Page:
KNAF

opening: March 22th, 2024 at 7 PM

exhibition: May 10th – June 14th,

organizator:

partner:

place: Galeria Piekary
ul. Św. Marcin 80/82
CK Zamek, Dziedziniec Różany
61-809 Poznań

exhibition open Monday – Friday 10 AM – 6 PM
admission always free

media patronage:


A visual artist, professor at an art academy and, at the same time, a musician embedded in the very heart of the burgeoning punk scene—this is none other than Leszek Knaflewski, to whom Galeria Piekary dedicates an exhibition to mark the tenth anniversary of his passing. Involved in diverse milieus, Knaflewski was able to look at reality from a variety of perspectives, while we have the pleasure of showcasing the outcomes his observations.

The exhibition is by no means a collection of immobile objects, stuck frozen-like on the wall. On the contrary, one has to navigate carefully between the installations: mannequins in military outfits which deceptively resemble humans, bar glasses and a large cage symbolizing the oppressive education system. After all, Knaf would constantly find a connection between political structures and everyday human experience, in a way following the tenet of “private is public”. His works examined the power dynamics between Catholic politicians, the clergy, and the society. Moreover, he would keenly observe the rise of adjacent consumerist culture, which gradually became a tool in the hands of national leaders. Knaf satirically exposed human vices: greed and hypocrisy. With such an approach, art no longer performed a purely aesthetic function but began to raise awareness by proclaiming the author’s individual truth. In this respect, a vital role belonged to symbols relevant to Christian culture and Polish tradition, as the artist subtly indicated to the viewer that his historical and cultural knowledge enabled him to appropriate certain elements of that culture for his own ends, in a sense inverting the hierarchical structure as a result.

The works displayed here were created after the dissolution of Koło Klipsa, in which Knaf was active in the 1980s. The members of that group rejected intellectualism in their understanding of art, focusing on magical realism instead. In effect, Knaf’s artistic path was multifaceted, reflecting in a tremendous diversity of his oeuvre, which spans drawings, installations and sculptures, created using pencils, markers, charcoal or watercolours, as well as wood, light boxes, glass and furniture. The exhibition also features films; as the founder of the Audiosphere studio, Knaf was acutely aware of the importance of auditory sensations and assiduously explored the boundaries between sound and image, which is why his video works include disturbing noises (in Spirit, even the tapping of a basketball against the floor sounds ominous). In this way, the artist taught attentiveness, as he revealed the workings of power without simultaneously attacking the viewer. In fact, the tools for spotting complex socio-relational networks and were handed over to the viewer, whom the artists expected to make the next move.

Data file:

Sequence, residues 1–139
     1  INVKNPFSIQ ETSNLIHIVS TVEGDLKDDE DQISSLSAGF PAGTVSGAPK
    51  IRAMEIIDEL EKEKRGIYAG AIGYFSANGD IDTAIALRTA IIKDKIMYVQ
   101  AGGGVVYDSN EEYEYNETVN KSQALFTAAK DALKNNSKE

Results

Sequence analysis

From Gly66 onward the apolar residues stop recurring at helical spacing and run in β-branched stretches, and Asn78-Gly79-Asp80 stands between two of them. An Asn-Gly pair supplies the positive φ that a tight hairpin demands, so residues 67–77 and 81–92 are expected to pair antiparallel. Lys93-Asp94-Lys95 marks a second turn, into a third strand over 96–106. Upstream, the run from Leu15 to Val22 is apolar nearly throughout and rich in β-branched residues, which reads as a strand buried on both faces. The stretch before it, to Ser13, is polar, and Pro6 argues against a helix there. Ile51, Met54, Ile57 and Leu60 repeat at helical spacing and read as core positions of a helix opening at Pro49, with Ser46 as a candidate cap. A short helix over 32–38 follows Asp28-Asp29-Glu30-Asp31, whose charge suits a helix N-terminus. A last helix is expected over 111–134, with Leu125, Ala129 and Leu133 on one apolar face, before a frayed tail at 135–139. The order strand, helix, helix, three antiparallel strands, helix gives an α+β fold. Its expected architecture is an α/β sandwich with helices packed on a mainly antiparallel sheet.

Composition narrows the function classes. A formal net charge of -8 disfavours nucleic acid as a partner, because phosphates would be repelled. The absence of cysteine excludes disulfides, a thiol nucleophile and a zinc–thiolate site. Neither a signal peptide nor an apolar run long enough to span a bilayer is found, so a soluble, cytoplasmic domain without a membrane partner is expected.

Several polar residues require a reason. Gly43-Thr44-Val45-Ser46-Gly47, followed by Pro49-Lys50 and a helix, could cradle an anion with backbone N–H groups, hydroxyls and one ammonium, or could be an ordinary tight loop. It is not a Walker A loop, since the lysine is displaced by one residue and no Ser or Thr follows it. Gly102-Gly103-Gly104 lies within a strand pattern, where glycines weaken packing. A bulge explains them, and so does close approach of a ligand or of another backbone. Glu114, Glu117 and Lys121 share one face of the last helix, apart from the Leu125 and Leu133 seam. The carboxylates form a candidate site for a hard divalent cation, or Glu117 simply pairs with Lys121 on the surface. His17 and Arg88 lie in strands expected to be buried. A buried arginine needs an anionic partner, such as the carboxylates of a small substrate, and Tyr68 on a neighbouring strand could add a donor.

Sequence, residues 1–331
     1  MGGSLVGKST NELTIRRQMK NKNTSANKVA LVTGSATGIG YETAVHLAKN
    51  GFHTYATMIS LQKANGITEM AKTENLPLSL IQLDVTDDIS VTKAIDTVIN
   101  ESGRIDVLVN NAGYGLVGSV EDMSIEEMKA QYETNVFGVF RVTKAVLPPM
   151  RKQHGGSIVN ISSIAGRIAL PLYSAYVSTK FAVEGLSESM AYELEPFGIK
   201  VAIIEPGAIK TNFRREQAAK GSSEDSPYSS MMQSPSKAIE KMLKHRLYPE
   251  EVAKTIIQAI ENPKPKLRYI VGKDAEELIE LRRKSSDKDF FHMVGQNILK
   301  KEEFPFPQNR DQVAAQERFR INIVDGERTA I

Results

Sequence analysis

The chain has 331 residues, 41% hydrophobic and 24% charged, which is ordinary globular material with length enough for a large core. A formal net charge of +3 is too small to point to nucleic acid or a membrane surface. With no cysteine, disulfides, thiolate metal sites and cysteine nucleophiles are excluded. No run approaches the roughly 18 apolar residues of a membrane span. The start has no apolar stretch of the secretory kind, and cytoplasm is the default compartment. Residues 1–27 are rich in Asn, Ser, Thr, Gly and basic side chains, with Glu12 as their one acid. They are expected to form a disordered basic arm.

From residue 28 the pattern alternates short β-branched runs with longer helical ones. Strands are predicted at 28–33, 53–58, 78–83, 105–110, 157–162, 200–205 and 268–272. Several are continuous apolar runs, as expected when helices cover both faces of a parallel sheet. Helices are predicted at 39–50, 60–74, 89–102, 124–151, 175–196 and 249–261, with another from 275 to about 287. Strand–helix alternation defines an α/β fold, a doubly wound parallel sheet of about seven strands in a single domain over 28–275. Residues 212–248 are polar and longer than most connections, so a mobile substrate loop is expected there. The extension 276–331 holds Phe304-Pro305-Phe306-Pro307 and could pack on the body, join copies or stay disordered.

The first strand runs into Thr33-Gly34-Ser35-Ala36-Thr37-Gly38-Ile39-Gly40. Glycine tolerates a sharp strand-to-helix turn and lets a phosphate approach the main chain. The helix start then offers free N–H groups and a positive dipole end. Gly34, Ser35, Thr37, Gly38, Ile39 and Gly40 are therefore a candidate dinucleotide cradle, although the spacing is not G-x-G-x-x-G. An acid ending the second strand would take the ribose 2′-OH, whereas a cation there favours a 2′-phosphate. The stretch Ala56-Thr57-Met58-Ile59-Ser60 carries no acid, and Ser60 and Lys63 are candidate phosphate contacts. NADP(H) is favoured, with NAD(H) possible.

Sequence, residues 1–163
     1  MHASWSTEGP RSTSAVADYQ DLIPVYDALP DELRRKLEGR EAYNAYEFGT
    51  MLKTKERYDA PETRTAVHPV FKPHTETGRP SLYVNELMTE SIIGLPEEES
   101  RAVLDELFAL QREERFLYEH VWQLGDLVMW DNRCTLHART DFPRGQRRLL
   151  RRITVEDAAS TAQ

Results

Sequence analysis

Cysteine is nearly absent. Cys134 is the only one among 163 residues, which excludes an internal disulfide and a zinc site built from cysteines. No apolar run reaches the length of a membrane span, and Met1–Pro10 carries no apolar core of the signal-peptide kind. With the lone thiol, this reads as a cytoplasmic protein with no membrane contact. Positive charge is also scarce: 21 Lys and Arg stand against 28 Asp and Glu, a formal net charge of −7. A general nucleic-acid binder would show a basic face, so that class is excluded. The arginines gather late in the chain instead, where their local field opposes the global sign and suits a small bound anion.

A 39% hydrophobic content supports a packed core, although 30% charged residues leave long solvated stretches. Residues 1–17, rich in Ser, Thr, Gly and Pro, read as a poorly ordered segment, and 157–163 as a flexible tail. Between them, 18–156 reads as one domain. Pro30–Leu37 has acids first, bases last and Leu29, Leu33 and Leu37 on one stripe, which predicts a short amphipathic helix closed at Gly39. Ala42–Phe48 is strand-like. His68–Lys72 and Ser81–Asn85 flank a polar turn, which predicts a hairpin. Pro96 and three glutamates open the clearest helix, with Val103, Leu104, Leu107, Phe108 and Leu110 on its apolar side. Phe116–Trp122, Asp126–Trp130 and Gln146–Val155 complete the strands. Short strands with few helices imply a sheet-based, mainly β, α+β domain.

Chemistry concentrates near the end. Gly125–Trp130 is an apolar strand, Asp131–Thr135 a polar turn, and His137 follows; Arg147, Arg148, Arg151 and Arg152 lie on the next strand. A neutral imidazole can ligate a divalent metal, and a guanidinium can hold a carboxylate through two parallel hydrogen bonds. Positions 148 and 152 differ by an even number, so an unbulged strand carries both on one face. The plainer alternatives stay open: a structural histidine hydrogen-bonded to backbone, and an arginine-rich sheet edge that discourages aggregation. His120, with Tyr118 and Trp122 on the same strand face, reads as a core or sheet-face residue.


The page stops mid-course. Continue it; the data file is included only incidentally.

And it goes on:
Incidentally, Knaf was hugely influential in terms of shaping modern culture. He was head of the Department of Media Communication at the University of Arts in Poznań and the Faculty of Arts at the University of Zielona Góra, which put him in direct contact with young artists. Also, in the 1980s, he co-founded the student club Dno, a space where the then avant-garde artists could develop. In those years, he was a member of such groups as Stern, Rasa, Socrealizm and Kot. Since 2003, the artist collaborated with Piekary Gallery; his last exhibition there was Preface, held in 2011. In addition, the artist showed his work at numerous of solo and collective exhibitions. Knaf’s exhibition at Piekary Gallary highlights the pieces created in the 21st century, providing a context for a recent show at the National Museum—Ultra-Avant-Garde. Koło Klipsa and the Poznań Underground of the 1980s—whose substantial part is devoted to that very artist. Those who have had the opportunity to meet Knaf at his previews say that he usually commented on his works somewhat contrarily, leaving the viewer free to interpret. KNAF is a tribute to that countercultural artist and an attempt to deliver something that was a major trait of his career: an exhibition full of bold, socially engaged art, all in line with the message contained in the title of the show which the Sopot State Gallery of Art held two years after his death: Knaf’s Not Dead